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GRASSCUTTER PARTURITION

2016 by Sanyaolu Kehinde


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All images are copyright of Kehinde Sanyaolu and MoAgro farms
Limited
Cover Image: A grasscutter and her five cuttlings Kehinde Sanyaolu

MoAgro Farms Limited


12 Mogbotoluwa close off Olaiya Street Egbeda Lagos
Tel: 08060043692, 07088625468

GRASSCUTTER PARTURITION

Parturition simply means the process of giving birth. The process


of giving birth can also be referred to as to litter. The gestation
period of grasscutters is averagely one hundred and fifty five
days (155) that is approximately five months. After mating is
comprehensive and has resulted in pregnancy, the doe begins to
show physical signs of pregnancy from three months upwards.
At this stage is when slight protrusion can be noticed in the
stomach of the doe. The protrusion at this stage is usually
convexed downwards. At four months upwards the belly signs of
pregnancy becomes more obvious and a side bulge can now be
visible.

The doe may also show signs like excessive sleeping, laziness in
getting up from its sleeping or lying position etc. At the point
where the pregnancy is advanced, if a buck is in the cage it is
unlikely the doe will allow any mating though it is recommended
that the buck be removed from eight weeks of been with the
doe.

Once the grasscutter carries the pregnancy to term, it will litter


in the cage and can litter even safely litter in the presence of
other does. The process starts with the doe doing a slight push,
when the birth sack appears it bends its head towards the anal
region and pulls out the baby. Once the baby is out it usually
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looks dead or unlikely to survive but that is not a problem. The


mother first eats and relishes the umbilical cord after which it
then has time to give attention to the new baby. The doe licks
the birth fluids off the baby until it springs to life, starts getting
up and is able to stand erect. When another one is due to come
out the doe repeats the same process and may even abandon
nurturing the new cuttling to give birth to a new one.

A grasscutter giving birth and eating the umbilical cord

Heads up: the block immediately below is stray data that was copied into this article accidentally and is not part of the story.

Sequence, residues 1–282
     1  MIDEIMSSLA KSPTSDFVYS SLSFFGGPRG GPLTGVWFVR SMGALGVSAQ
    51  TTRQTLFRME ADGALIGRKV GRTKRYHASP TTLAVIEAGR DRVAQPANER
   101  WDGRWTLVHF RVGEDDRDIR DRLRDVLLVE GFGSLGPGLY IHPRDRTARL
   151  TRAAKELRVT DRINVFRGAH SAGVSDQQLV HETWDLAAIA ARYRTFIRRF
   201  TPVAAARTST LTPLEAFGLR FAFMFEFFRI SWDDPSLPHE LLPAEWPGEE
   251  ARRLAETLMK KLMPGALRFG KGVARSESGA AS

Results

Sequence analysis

Some does are fast and do everything in a brisk and crisp manner
while other could be clumsy and slow. The doe then pulls out
other debris of birth remaining inside it out including the
placenta and eats them all with relish. It will also lick up all the
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blood if the cage is a flatbed cage. Once all the cuttlings are out,
the mother resumes nurturing them by licking the birth juice off
them until they are neat and dry.

The whole process takes about an hour to an hour and a half to


litter 4-5 grasscuttlings. First litter usually gives 3-4 litters, litter
size increases with subsequent deliveries and the grasscutter can
litter as much as 7-11 cuttlings. The cuttlings are born fully haired
and immediately start searching for the mothers breast even as
soon as they can stand erect.

The sucking of the breast by already born cuttlings sometimes


gives the mother a hard time bringing forth the remainder. The
babies are a small replica of an adult grasscutter and can run
around from a few hours after birth. The average birth weight
for grasscutters is 120gm with a range of between 110-140gms.
Some could weigh as low as 80gms and as much as 150gms
depending how many cuttlings in the litter.

The doe has three pairs of teats so special care should be giving
to mother and children if it litters more than six cuttlings. The
doe should be well fed after parturition to avoid any transfer of
aggression to the cuttlings.

A grasscutter and her cuttlings

In the case of large litters supplementary milk should be


provided or a multivitamin solution. Powdered milk dissolved in
water with glucose and a pinch of salt added to help the doe. A
surrogate mothering system should also be adopted if there is
another breastfeeding mother on the farm. Some of the cuttlings
of the large litter are removed and transferred to the surrogate
mother for nurturing.

Grasscutters have a strong sense of smell so the surrogate


mother can sniff out her cuttlings from the lot. It is therefore
advised that transfer of the cuttlings is preceded by masking for

both the new babies and her original babies to prevent her killing
them.

The cuttlings can be sexed from a day old and will start trying
their teeth on forage fed to the doe from a day old too. Weaning
is after a period of 4 weeks and can extend to 6weeks in the case
of large litters. The doe can be reintroduced to a buck after a rest
period of 7-14 days post weaning.

Read online at
http://grasscutterstore.blogspot.com.ng/2016/09/grasscutterparturition.html
See uncensored grasscutter videos including a grasscutter
giving birth at
https://www.youtube.com/channel/UCAP8XnVNvcjGA56iQpFe
2tQ

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